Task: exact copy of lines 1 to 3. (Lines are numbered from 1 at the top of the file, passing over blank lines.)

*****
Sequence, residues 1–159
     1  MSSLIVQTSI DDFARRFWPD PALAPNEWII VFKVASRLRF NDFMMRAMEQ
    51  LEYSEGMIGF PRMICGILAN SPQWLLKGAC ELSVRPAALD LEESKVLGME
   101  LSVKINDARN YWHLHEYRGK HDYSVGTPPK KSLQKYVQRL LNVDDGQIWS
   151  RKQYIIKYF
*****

Sequence, residues 1–159
     1  MSSLIVQTSI DDFARRFWPD PALAPNEWII VFKVASRLRF NDFMMRAMEQ
    51  LEYSEGMIGF PRMICGILAN SPQWLLKGAC ELSVRPAALD LEESKVLGME